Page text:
Subrogation: Cozen's insurance specialty
The name couldn't be less sexy. But Cozen O'Connor cornered the market on this niche area of insurance law in the early 1970s, making it one of the keystones of the firm's success.
Put simply, subrogation is the term for when an insurance company sues to recoup some or all of the expenses it incurs in making a pay-out. The party it is suing is one which could reasonably held responsible for the loss of capital in the first place, for example the manufacturers of faulty equipment implicated in a warehouse fire, or the architects of an unsound building that collapses.
Cozen counts a number of major insurers among its clients, including Liberty Mutual, ACE American and National Indemnity Company. But one of its most most headline-grabbing recent trials has involved defending Tishman Construction against a claim that threatened nine-figure damages if successful. The initial claim was a property damage case brought by Consolidated Edison, owners of a substation beneath the World Trade Center that provided power to most of Lower Manhattan. The case was dismissed, but in 2011 Consolidated Edison's insurers Aegis issued an appeal, which like the first case alleged that Tishman was responsible for structural defects and a lack of fireproofing in the World Trade Center.
After years of wrangling, the Second Circuit Court of Appeals laid the case to rest in late 2013, with a firm judgment that: “It is simply incompatible with common sense and experience to hold that defendants were required to design and construct a building that would survive the events of September 11, 2001.”
One Liberty Place,
1650 Market Street,
- Head Office: Philadelphia, PA
- Number of domestic offices: 22
- Number of international offices: 2
- Worldwide revenue: $376,000,000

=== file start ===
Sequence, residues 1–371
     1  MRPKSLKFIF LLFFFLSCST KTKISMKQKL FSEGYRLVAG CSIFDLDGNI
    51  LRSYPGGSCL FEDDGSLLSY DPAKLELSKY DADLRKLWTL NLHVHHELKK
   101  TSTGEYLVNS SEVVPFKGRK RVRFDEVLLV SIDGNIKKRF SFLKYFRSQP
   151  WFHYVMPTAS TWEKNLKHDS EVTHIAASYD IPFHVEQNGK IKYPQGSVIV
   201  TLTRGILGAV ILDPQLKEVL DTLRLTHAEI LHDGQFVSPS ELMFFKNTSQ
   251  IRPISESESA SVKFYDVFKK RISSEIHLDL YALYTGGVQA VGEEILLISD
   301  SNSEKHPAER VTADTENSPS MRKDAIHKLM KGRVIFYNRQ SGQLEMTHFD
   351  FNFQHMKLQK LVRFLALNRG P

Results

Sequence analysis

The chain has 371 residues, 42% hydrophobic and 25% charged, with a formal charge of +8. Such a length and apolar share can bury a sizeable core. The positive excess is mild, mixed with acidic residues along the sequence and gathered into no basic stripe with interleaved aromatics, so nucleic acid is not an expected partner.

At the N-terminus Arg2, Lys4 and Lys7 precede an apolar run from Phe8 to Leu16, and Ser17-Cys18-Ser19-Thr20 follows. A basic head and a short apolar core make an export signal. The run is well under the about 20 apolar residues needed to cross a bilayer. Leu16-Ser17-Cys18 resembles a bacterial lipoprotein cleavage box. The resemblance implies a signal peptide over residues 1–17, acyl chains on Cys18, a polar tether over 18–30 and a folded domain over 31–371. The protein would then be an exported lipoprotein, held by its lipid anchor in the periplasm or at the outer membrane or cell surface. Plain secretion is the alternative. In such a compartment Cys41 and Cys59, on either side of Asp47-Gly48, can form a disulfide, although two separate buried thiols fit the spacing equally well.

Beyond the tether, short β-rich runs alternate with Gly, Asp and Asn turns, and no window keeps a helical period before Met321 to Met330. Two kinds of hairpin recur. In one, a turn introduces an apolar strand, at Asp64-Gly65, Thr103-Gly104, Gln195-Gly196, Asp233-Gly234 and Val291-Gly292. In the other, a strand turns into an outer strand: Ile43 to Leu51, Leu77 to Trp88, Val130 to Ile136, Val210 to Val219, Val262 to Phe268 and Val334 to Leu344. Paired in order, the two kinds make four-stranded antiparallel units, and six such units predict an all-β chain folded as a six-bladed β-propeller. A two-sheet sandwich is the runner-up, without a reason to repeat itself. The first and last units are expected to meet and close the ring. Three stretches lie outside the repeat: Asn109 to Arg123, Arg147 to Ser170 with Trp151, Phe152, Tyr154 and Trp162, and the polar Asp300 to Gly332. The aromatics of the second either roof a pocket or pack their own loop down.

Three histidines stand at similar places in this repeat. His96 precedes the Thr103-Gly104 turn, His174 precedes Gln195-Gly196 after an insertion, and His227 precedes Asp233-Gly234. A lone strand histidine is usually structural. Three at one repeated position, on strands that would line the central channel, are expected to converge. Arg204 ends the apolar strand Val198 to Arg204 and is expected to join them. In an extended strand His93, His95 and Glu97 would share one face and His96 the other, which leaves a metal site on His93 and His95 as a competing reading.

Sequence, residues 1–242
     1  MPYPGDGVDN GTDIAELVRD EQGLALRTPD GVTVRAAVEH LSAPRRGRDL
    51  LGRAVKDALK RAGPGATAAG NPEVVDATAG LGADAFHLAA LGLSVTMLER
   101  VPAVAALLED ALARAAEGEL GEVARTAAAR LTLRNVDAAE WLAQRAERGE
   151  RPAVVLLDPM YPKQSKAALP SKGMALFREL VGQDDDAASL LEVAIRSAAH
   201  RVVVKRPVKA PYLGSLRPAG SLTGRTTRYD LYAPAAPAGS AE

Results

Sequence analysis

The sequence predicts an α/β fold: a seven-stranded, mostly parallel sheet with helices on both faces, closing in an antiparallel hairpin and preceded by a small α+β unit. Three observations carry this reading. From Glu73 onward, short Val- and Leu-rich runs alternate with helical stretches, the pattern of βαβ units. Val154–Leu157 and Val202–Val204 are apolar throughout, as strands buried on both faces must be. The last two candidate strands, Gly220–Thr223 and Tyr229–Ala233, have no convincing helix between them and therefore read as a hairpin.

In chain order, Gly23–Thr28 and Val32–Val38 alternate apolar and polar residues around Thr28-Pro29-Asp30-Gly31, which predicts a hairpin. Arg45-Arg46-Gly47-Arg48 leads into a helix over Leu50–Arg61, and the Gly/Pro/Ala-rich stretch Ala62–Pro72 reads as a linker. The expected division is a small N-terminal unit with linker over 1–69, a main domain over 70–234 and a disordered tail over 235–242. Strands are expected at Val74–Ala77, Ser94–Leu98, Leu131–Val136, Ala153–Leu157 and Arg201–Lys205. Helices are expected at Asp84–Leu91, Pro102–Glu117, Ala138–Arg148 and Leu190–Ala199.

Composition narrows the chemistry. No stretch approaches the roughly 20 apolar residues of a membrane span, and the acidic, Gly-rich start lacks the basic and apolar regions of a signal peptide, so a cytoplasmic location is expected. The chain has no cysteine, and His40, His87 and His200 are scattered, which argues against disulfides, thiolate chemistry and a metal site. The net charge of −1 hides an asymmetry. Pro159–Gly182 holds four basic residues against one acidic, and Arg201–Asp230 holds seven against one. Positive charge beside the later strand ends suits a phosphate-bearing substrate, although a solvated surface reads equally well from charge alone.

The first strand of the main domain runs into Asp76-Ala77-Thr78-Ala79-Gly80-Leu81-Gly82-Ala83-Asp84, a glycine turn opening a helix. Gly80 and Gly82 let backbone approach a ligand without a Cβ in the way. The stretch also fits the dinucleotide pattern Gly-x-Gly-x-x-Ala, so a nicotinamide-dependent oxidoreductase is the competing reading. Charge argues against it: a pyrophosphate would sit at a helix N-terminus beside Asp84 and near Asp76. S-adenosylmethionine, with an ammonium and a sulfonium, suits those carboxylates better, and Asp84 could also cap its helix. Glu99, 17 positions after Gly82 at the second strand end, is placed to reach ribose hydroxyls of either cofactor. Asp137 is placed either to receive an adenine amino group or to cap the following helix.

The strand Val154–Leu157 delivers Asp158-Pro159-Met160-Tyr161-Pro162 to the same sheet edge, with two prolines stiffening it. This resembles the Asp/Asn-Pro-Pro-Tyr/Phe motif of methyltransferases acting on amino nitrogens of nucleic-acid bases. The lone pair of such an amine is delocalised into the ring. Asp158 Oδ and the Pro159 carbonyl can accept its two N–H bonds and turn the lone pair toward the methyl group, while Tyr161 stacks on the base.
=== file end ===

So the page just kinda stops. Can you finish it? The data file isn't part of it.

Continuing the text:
- Partners (US): 403
- Associates (US): 147
- Summer Salary 2017
- 1Ls: $2,200-$2800/week, varies by office
- 2Ls: $2,400-$3077/week, varies by office
- 1Ls hired? Yes
- Split summers offered? Case by case
- Can summers spend time in overseas office? No
- Summers 2017: 17 (2Ls)
- Offers/acceptances 2016: 13 offers, 12 acceptances
Main areas of work
Business/corporate, commercial litigation, government and regulatory, insurance coverage, institutional response, intellectual property, labor and employment, real estate, private client services, subrogation and recovery, transporation and trade.
Established in 1970, Cozen O’Connor delivers legal services on an integrated and global basis. As a first-generation law firm, we have not forgotten our entrepreneurial roots and continue to provide top-notch client service at unparalleled value as we have grown to one of the top law firms in the country. Our Business and Litigation Practice serves clients in the most effective and efficient manner, with professionals across disciplines working collaboratively to resolve any matter.
• Number of 1st year associates: 12
• Number of 2nd year associates: 13
• Associate salaries: 1st year: $125,000-$160,000 (varies by office)
• 2nd year: Non lock step, merit-based compensation
• Clerking policy: Yes
Law Schools attending for OCIs in 2017:
Georgetown, Harvard, NYU, Penn, Penn State, Seattle University, Temple, UVA, University of Washington, Villanova, GW, Northwestern
Summer associate profile:
Cozen O’Connor seeks summer associates who embody the best characteristics of our attorneys. We strive to find candidates who have distinguished themselves from their peers in academics, legal writing ability and oral advocacy skills. Our summer associates have diverse backgrounds including, but not limited to, prior work experience, military service and a demonstrated commitment to serving their communities through volunteerism.
Summer program components:
At Cozen O’Connor, we pride ourselves in providing our summer associates with a realistic experience of the responsibilities and high level of performance expected of the firm’s associates. They take part in an extensive firm orientation and weekly training programs, such as a trial skills workshop where they have the opportunity to prepare and present a mock opening statement and take a mock deposition. Our writing mentors work closely with the summer associates to strengthen their legal writing skills and our associate mentors provide them with advice and guidance. Summer associates work on active cases and are relied upon to produce excellent work product. They are invited to practice group meetings and to attend hearings, depositions, or client meetings with their supervising attorneys. Summer associates receive assignments that allow them to become intimately familiar with the firm’s various practice groups and their cases and clients and are encouraged to participate in pro bono matters.